americanah-300x0[xrr rating=4.25/5]A typical soccer mom with blonde hair waited in front of me at the Whole Foods. Checking her out was a young, African-American woman in her early twenties. The soccer mom chatted up the cashier, never flinching when it was time to pay her exorbitant food bill.

“Thanks, Chelsea,” the woman said as she left.

“Actually, it’s Cheylea,” the check-out woman said, even though it was plainly written on her name tag.

This interaction would have been perfect fodder for Chimamanda Ngozi Adichie and her new novel Americanah, a discourse on race in the United States hidden inside a love story. The Nigerian-born Adichie, who lives in the United States, possesses an acute point of view that an African-American born here may not own. Over the course of the nearly 500-page novel, we gain a deeper understanding of what it means to be black, not only in the United States, but in London and in a homogeneous Nigeria where Adichie’s protagonist, Ifemelu, never considered herself black. This distinction becomes abundantly clear to her once she relocates to the United States.

Unlike blacks in America who are descended from slaves, Ifemelu and the other Nigerians who come here in Americanah don’t have that stain on their heritage. While the grandparents of many modern African-Americans were the victim of Jim Crow discrimination, Ifemelu’s “American-African” ancestors received a top-notch education at a British school in Nigeria. Although Adichie is highly critical of the discrimination that still exists in the United States, she handles herself and her reproach with calm, assured clarity.

According to Adichie, discrimination is still alive and well in the United States, and people who claim they “don’t see race” are full of shit. She also points out that the socio-economics vs. race argument is pure bunk. Though she doesn’t mention it in her book, Joe Biden’s “clean and articulate” assessment of Barack Obama is a perfect example of how segregation proliferates through language. Who would call a white person “clean” and “articulate?” Ifemelu soon learns all these nuances as she navigates what it means to be black in the United States.

Meanwhile, Ifemelu’s former boyfriend, Obinze, has dreams of making it to America but cannot earn a visa due to strict laws following 9/11. While Ifemelu thrives in the States, Obinze toils in London with false papers, pining for his lover and the country that won’t accept him.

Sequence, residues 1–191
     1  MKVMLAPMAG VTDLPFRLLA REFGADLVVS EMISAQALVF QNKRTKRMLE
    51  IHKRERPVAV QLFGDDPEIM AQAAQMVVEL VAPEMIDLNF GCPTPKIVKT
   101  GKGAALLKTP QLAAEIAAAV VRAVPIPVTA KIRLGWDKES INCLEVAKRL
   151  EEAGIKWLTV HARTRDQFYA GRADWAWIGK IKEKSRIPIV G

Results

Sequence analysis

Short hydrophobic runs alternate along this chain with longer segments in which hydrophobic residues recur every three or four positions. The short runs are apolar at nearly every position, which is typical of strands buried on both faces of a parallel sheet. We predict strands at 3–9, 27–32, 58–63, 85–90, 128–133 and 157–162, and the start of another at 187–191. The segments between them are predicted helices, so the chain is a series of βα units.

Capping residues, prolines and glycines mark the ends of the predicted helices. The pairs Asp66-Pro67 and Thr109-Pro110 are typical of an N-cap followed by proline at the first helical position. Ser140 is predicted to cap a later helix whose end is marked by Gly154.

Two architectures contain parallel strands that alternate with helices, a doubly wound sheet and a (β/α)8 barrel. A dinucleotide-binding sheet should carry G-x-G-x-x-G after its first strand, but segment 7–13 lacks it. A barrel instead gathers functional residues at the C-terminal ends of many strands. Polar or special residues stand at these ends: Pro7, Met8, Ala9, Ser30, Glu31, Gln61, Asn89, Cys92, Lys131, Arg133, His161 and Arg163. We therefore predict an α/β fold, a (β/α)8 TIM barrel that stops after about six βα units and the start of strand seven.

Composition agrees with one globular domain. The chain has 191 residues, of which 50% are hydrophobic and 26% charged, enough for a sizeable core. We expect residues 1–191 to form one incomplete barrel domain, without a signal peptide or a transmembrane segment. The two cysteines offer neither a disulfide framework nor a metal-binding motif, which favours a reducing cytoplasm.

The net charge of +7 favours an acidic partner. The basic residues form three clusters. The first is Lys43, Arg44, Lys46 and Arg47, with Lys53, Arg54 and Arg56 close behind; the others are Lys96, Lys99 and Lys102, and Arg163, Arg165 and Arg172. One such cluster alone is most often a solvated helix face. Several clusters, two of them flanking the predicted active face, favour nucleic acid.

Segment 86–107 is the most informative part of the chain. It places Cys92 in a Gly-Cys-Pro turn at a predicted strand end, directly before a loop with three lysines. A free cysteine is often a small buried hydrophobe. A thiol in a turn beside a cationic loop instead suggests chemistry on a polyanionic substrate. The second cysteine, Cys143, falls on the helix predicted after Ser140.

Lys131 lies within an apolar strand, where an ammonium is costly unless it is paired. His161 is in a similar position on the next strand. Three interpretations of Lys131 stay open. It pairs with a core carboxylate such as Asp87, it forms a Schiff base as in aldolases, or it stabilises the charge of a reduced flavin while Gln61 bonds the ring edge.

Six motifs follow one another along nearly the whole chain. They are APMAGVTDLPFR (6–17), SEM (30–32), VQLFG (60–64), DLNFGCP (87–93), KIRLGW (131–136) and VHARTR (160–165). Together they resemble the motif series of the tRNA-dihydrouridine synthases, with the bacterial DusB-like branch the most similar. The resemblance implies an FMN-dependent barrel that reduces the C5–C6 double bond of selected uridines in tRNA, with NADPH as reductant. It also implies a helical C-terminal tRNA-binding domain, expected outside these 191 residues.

Soon after Ifemelu arrives in the United States, she suffers a traumatic experience and cuts off contact with Obinze. Confused and soon deported from London, Obinze finds a way to become rich in Nigeria and marries another woman. Ifemelu has a series of boyfriends, from a rich and handsome white man to a buttoned-up, black academic, but she is soon restless to return to Nigeria.

Though story is secondary to Adichie’s agenda, she wraps a page-turning tale around her thesis. Ifemelu leaves Nigeria and arrives penniless in the United States where she endures the vexing travails of a fresh immigrant. Mirroring much of Adichie’s own life, Ifemelu earns her way towards a Princeton fellowship by starting a popular blog on race with the unwieldy title, “Raceteenth or Various Observations About American Blacks (Those Formerly Known as Negroes) by a Non-American Black.” Adichie intersperses blog posts throughout the narrative, meditations on race that sometimes punctuate the story but often feel shoe-horned in, as if Adichie wanted to write a collection of essays on her observations on the United States but was then coerced to craft a novel.

Adichie doesn’t let her home country off the hook, and she excoriates Nigeria just as much as the United States in Americanah. She believes that Nigerians are too in love with other cultures with a goal to shed what makes them unique. The Nigerian elite talk much like the elite in the United States and London, as a cultural imperialism has begun to settle on Lagos. At the same time, Americanah isn’t a paean to traditional Nigerian values. Adichie captures a world in flux and has no problem dispensing judgment without the sting of nostalgia. Despite the occasionally jarring blog posts, this is a big, incisive and compassionate book that should make us pause and think about realities we often take for granted.

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